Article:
Before you despair too much about people going on about the poor navigation and watermanship skills shown by rowers today and how they've declined compared with how things used to be 20 or more years ago, you might be inclined to read the attached text.

It's an extract from an article entitled "THE AMATEUR ROWING OF THE PRESENT DAY" which appeared in the Penny Illustrated Paper on 14th January 1871.

Looks like the "good old days" really were some time ago...


One poor crew got a nasty shock during their build to the finish at the Kingston Head last Saturday, when they discovered that someone had apparently installed secret 200 decibel speaker system into their VIII (the coxswain kept quiet about that one!)...

About One hundred metres away from Kingston RC, the crew's resident Freak made a call of 'Ten on the legs, to Kingston, GO!', which as we all know, would traditionally be followed by another final push to the finish line half-way down the island... because thatís where the finish is!

But no, this was not to be! For not satisfied with just ensuring the race proceeded safely and without interruption, a slightly over zealous marshal decided to berate their Freak to the effect, "THE FINISH LINE IS NOT AT KINGSTON! "... at full volume on the megaphone... just 10 feet away from the crew.

Now, if they hadnít been knackered after a 10min slog into a strong headwind, the somewhat startled (and now deaf) crew, may just have had enough puff left to left a few expletives let rip and get themselves disqualified! But fortunately both crew and cox kept their cool and pushed-on to the finish.

A source close to the crew told the slug

"Now, forgive us if we are wrong, but we thought it was our coxís job to steer us down the course and make the calls (even if he does screw it up), but maybe the rules of racing have changed. If so, could someone tell the coxes? Otherwise, polite reminders rather than raging diatribes from marshals tend to go down better!

Fortunately for all of us, most marshals do a fine job! We will keep you posted on the ear examinations of the three guys still suffering from ringing in their ears, and the cox who is now suffering a perforated ear drum!"

The HORR should be sporting a full 420 crew line up this year as it's been oversubscribed yet again. As well as the usual selection of UK clubs, there are entries from overseas crews from ten differnt countries, from Canada to Hungary.

Leander start in Head position and their top VIII is stuffed full of squad types including Steve Williams and Pete Reed. However, the same can be said for the Molesey crew starting 4th (featuring the hair bear bunch Hodge & Biff, plus Monkey and Norweigan internationl Morten Adamsen), the Oxford Brookes crew who start behind them (with the lovely Jonno Devlin and a bevy of last year's U23 squad) and the Scrubbers crew who start 6th (Alan Campbell, Tom Gale, Trigger and Tim Male to name a few)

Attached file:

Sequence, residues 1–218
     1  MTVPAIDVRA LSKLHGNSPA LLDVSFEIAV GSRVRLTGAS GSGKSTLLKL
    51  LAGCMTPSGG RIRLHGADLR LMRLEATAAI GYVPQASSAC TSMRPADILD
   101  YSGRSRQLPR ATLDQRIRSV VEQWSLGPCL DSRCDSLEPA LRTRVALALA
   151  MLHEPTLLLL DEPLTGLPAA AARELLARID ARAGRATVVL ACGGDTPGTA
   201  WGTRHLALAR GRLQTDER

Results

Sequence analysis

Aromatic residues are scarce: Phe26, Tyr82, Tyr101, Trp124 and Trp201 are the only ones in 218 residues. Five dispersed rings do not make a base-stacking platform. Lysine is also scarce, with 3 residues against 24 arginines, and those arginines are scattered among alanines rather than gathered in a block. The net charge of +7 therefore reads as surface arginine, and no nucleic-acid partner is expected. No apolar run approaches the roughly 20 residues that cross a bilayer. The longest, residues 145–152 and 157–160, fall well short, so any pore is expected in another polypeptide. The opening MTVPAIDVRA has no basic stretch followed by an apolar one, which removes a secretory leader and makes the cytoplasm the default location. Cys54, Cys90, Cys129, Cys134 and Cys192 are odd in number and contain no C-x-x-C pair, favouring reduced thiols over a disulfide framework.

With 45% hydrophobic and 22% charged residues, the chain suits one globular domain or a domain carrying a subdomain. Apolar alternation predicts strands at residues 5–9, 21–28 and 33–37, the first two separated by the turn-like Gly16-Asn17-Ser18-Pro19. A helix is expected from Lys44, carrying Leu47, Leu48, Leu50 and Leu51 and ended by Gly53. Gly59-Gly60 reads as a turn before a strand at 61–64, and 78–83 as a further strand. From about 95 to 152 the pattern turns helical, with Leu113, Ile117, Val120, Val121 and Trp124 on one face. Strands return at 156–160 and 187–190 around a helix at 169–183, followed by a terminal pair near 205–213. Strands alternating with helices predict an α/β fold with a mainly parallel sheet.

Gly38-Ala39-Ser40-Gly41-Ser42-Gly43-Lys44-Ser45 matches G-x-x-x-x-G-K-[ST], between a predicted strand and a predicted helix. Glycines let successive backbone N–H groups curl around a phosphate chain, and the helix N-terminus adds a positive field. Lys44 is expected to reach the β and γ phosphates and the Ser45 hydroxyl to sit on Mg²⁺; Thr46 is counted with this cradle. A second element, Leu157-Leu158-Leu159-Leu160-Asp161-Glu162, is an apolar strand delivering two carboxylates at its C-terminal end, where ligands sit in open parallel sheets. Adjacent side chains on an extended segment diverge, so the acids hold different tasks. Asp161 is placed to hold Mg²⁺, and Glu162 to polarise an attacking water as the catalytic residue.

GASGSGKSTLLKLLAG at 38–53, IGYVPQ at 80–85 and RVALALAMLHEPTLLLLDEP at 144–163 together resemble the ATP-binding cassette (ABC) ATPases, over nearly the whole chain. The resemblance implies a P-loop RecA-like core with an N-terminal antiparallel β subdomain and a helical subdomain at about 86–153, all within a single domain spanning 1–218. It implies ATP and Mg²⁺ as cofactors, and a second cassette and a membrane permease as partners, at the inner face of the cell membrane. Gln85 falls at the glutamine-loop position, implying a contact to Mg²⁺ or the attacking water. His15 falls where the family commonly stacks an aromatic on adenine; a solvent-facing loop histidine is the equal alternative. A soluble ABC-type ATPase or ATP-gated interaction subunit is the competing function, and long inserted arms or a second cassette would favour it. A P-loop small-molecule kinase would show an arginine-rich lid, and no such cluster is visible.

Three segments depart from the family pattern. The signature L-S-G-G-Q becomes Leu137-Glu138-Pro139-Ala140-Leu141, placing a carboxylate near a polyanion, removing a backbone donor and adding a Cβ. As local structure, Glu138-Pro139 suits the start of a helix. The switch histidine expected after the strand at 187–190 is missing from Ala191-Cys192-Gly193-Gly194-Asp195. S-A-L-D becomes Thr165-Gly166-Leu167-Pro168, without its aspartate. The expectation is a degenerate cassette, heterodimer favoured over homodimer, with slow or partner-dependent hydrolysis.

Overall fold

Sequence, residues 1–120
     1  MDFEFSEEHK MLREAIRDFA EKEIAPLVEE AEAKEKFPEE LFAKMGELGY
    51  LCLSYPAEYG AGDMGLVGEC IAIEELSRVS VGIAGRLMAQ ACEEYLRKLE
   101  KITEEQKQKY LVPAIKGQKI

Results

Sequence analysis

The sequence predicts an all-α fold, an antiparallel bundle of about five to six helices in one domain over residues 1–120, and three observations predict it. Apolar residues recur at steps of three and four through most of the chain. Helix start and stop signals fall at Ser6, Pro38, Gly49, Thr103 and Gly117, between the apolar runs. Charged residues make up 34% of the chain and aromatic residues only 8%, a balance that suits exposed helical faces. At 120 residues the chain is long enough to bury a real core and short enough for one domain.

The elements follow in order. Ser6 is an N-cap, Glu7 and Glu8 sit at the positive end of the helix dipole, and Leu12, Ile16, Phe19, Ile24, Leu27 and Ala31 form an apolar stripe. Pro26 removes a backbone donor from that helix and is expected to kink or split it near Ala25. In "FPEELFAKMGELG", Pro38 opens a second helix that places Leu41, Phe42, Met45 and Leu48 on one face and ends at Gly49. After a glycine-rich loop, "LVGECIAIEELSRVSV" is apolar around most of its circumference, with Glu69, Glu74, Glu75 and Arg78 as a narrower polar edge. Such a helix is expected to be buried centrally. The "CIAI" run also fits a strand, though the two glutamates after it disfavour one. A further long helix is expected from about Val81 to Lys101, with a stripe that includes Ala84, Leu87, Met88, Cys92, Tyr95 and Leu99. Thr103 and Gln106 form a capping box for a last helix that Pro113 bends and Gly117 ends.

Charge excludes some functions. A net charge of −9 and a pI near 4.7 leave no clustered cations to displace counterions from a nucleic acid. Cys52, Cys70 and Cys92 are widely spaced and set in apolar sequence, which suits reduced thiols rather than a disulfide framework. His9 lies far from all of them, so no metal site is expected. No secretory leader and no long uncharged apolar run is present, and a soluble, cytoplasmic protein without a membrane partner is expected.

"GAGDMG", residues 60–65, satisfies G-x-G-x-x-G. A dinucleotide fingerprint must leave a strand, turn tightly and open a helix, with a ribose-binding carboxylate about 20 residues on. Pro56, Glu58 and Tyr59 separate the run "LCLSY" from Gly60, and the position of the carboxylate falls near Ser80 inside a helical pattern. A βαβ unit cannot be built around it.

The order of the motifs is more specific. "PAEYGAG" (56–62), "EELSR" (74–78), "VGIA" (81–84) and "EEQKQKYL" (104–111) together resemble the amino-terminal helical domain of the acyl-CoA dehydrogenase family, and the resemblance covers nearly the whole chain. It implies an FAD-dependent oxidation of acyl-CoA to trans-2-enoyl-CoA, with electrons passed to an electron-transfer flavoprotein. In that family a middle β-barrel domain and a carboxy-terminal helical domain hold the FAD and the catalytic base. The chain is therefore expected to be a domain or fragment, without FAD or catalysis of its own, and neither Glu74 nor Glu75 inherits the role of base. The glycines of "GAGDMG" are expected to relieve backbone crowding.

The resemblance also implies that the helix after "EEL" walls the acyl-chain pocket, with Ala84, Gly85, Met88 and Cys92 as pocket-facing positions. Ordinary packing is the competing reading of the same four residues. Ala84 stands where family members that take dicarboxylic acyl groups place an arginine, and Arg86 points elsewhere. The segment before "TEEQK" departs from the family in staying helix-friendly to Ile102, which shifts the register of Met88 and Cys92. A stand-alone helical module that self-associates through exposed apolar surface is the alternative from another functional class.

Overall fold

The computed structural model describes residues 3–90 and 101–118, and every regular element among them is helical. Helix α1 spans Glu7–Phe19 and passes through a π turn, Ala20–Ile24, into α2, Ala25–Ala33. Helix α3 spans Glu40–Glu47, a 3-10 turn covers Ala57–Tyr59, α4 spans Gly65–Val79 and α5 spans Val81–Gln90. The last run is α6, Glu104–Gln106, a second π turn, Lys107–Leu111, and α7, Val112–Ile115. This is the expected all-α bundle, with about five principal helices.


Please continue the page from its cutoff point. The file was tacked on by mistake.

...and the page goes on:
Starting at no 18 , LRC 1 is also one to watch - it contains a number of last year's lightweights including Nick English, Danny Harte, James Lyndsay-Flynn, Paul Mattick, James Stephenson and the young LRC 18 year old who did quite well in the Kiwi National championships recently.

Of course, while both Leander (crew no 1) and IC (crew no 2) were beaten by Cambridge and Oxford in their respective Tideway races last weekend, its unclear if the crew line ups for the HORR will be the same. The HORR named crews are slightly different but these things can be subject to some change anyway, so those of you hoping for some insight on where to put your money for the boatrace, take note.

With BUSA having removed their endorsement of the event in favour of their own Head race, this year (in an experimental, if somewhat contraversial move) the University Prize (currently absent trophy) will be awarded to the fastest University or College clubs with top crews of Senior 2 status or below.

The start order is available at

Some alternative views on the Race at

The PLA were rather confused on Tuesday morning when they came across a launch belonging to Twickenham RC sitting on the river bank just downstream of the Teddington stone.

Apparently abandoned, it had been tied to a tree, but its outboard engine was sitting on the bank alongside it.

Confused as to why it was there and with the tide preventing the launch crew from getting to it, they tried calling the club to no avail. The lockeeper at Teddington, did however manage to rouse one of the club's coaches, who informed the club captain that he'd better go and rescue it - which he did.

With the Captain none the wiser to why it was there, it looks suspiciously like someone had attempted to nick it. Some TwRC sculling blades has also been taken and left in the boat, so whoever had taken it had obviously rowed it upstream to the stone then tried to remove the engine before abandoning it.

Again a timely reminder that as engines are not cheap and are easily sold on, just locking your petrol supplies away isn't going to stop the determined thief from having a go.

Those of you with eagle eyes who were out rowing on Sunday morning, may well have spotted the harbour master out patroling the river, while doing what looked like taking photos of rowers navigating off station.

Were the PLA practicing their photography skills after reading "rowing and regatta's" article on how to take pictures? Were they trying to compile a portfolio to rival the king of name and shame himself - but without the "leg in a launch" look??

Well no... they weren't.

The person taking the pictures was actually one of the rowing reps on the Salvage association working group, who was taking up the PLA's offer to see how the view of rowers' activities differs from the bows of the Harbourmaster's launch.

So fear not, the photography was not for the purposes of identifying miscreants, rather it was intended to collect some views which can be shared with the rowing communicty so we know what we look like to others... think of it as the on -water equivalent of "does my bum look big in this".

That said, video surveillance may well be something that Tideway rowers will soon have to live with, as the working group are investigating the possibilty of getting meaningful footage from CCTV cameras at the danger points (Chiswick and Hammersmith), which could then be reviewed after any incidents, to see what actually happened.